A Rifftides reader, composer Michael Robinson, responded to the Monday recommendation of the Jaki Byard Project’s Inch by Inch (see the July 24 post) with a reflection on a Byard performance in a classic Phil Woods album. Mr. Robinson wrote:
One of the greatest jazz albums of all time is Musique du bois by Phil Woods, due in no small part to the appearance of Jaki Byard on piano, in addition to Alan Dawson on drums and Richard Davis on bass. Byard’s intrinsic contribution pertains both to his soloing and accompanying. Check out his performance on this phenomenal rendering of “Willow Weep For Me”:
I was privileged to be in the studio for the recording of Musique du bois, invited by producer Don Schlitten to write notes for the album. The notes were comprehensive, but when 32 Records reissued the music on a CD in 1997, the notes were gutted. Among the many sections left on the cutting room floor was the one that described the making of “Willow Weep For Me.” Therefore, as a public service in memory of a great day in RCA’s Studio B in Manhattan, here is that part of the story.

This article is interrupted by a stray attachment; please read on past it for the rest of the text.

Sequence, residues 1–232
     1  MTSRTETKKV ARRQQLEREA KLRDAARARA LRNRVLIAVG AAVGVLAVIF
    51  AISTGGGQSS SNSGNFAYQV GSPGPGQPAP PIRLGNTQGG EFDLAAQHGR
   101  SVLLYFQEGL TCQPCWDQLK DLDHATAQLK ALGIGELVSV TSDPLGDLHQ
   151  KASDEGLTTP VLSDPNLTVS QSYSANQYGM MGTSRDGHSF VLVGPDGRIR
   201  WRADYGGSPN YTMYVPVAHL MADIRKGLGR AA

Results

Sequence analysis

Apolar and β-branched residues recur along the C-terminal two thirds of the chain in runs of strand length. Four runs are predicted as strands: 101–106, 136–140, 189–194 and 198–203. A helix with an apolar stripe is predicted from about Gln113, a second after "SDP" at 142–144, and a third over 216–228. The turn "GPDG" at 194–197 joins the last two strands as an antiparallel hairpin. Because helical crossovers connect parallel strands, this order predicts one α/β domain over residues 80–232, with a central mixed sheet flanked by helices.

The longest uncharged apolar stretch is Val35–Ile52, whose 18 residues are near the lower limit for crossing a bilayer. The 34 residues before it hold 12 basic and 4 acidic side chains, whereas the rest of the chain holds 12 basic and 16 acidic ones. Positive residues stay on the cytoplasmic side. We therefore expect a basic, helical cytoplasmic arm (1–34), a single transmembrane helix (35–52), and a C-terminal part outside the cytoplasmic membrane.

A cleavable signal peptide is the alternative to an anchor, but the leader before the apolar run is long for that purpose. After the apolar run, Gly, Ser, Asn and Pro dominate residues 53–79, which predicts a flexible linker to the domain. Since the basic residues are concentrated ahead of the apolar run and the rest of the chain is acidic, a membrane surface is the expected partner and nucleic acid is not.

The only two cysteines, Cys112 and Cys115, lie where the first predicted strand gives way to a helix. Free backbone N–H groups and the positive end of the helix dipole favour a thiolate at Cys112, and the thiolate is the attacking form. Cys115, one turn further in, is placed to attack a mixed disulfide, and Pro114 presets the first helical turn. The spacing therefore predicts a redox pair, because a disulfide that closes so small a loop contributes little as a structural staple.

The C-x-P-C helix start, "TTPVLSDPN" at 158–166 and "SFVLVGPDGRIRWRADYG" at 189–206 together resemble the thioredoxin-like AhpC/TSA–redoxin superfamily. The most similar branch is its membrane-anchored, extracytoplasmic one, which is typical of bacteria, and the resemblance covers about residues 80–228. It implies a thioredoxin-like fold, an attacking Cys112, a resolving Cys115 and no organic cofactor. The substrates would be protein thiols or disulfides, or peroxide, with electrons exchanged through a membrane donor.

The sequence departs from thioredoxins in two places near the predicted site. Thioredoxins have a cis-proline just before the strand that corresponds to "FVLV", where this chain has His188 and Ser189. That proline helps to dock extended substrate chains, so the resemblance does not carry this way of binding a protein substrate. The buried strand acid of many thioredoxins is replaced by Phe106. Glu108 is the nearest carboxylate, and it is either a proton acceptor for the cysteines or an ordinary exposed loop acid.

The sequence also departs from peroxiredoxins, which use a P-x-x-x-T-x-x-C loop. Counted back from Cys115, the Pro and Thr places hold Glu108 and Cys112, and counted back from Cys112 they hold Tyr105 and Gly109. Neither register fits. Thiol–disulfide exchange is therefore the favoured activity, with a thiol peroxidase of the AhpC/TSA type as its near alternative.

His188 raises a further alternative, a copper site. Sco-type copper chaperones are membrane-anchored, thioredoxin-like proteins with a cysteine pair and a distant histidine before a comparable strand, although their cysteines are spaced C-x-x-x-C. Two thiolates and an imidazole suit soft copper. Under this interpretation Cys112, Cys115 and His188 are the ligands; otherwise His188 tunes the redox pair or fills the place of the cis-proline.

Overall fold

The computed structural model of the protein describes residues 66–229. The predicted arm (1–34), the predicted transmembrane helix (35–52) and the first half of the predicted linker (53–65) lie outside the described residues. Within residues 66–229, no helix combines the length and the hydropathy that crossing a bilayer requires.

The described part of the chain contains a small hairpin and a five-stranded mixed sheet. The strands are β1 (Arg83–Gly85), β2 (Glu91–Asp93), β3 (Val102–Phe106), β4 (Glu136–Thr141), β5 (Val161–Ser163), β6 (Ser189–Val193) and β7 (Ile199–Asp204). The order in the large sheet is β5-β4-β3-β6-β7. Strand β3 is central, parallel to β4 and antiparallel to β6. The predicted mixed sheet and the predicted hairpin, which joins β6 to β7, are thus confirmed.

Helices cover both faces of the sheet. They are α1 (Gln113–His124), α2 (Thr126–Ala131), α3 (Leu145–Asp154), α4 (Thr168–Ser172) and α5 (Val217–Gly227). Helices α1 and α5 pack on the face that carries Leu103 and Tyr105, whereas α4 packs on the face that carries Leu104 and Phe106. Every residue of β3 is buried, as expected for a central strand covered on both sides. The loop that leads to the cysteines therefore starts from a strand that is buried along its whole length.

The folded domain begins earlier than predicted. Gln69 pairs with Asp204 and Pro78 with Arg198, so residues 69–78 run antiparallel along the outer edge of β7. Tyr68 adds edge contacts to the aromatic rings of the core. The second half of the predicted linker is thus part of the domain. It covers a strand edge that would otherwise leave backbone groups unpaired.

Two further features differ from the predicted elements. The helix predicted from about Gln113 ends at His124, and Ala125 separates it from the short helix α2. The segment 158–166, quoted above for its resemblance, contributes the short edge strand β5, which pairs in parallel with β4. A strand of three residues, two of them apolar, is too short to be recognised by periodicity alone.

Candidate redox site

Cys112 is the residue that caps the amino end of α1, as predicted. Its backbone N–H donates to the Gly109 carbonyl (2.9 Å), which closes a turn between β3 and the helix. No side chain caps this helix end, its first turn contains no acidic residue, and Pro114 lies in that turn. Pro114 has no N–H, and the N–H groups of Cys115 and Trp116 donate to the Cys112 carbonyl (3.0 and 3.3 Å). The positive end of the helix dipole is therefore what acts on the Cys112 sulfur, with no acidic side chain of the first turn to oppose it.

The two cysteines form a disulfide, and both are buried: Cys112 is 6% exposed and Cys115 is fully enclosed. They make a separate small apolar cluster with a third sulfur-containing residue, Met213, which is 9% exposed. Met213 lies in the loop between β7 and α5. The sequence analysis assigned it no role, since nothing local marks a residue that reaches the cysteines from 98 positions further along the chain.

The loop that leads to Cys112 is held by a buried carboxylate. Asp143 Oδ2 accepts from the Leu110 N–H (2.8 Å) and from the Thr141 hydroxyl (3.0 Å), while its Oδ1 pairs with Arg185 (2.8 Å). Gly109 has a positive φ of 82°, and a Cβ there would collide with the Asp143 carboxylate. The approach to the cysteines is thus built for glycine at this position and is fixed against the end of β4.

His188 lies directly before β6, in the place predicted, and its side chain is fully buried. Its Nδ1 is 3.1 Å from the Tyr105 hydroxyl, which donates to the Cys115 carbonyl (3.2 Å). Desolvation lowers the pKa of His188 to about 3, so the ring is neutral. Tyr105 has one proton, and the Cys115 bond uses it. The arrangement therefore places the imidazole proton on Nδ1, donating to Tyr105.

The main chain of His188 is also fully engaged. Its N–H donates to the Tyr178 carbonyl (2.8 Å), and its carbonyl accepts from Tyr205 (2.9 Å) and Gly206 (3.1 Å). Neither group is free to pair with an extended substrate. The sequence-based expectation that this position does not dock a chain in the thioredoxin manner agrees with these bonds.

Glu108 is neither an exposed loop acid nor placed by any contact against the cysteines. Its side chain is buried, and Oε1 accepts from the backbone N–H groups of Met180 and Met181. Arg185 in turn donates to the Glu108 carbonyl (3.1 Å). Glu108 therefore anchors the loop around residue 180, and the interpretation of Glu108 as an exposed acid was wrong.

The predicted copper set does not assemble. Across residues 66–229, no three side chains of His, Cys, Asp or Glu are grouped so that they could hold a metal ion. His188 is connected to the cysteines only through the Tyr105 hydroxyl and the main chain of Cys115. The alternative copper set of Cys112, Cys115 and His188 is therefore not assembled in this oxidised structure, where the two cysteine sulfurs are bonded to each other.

Woods’ head arrangement of “Willow Weep For Me” begins with the rhythm section playing the introductory pattern used by Miles Davis for “All Blues.” The plan is to continue the figure through the alto solo, but Woods finds it too monotonous. Take one is cut short. There are superior solos on take two from Woods, Byard and Davis, but the leader is interested in supplemental harmonic ideas and goes to the piano to suggest some chords. The third take opens faster, with Davis adding vibrato and Dawson slapping the brushes on his snare drum just enough to impart a happy dance feeling. Woods responds with a sunny solo that is in sharp contrast to the rather brooding statement of the previous take. He introduces a phrase from “Drum Boogie,” chromaticizing it outrageously. Davis solos with an abandon that causes a sharp collective intake of breath in the control room. Byard has a brilliant solo full of Tatum fragments, and the piano sweeps under Woods as he re-enters for a final chorus packed with modulations, piping high notes and gut-rumbling low tones.
“Okay,” Woods tells the control room, “we’ll bring in a brass section to put a chord on the end.”
“Perhaps you’d prefer avacado seeds,” suggests an eavesdropper.
“Yes, with hot sauce,” Dawson grins, and he goes into a monologue full of such gustatory Slim Gaillardisms as mosquito knees, hippopotamus lips and reety pooties.
“Slim who?” some of you may be asking. Well, continuing in the spirit of public service, tomorrow’s Rifftides post will bring you up to date or—more accurately—back to date on Slim Gaillard.
As for Musique du bois, the 32 Records CD with truncated liner notes is still available. So too, it turns out, are copies of the LP with the full notes. Go here for information.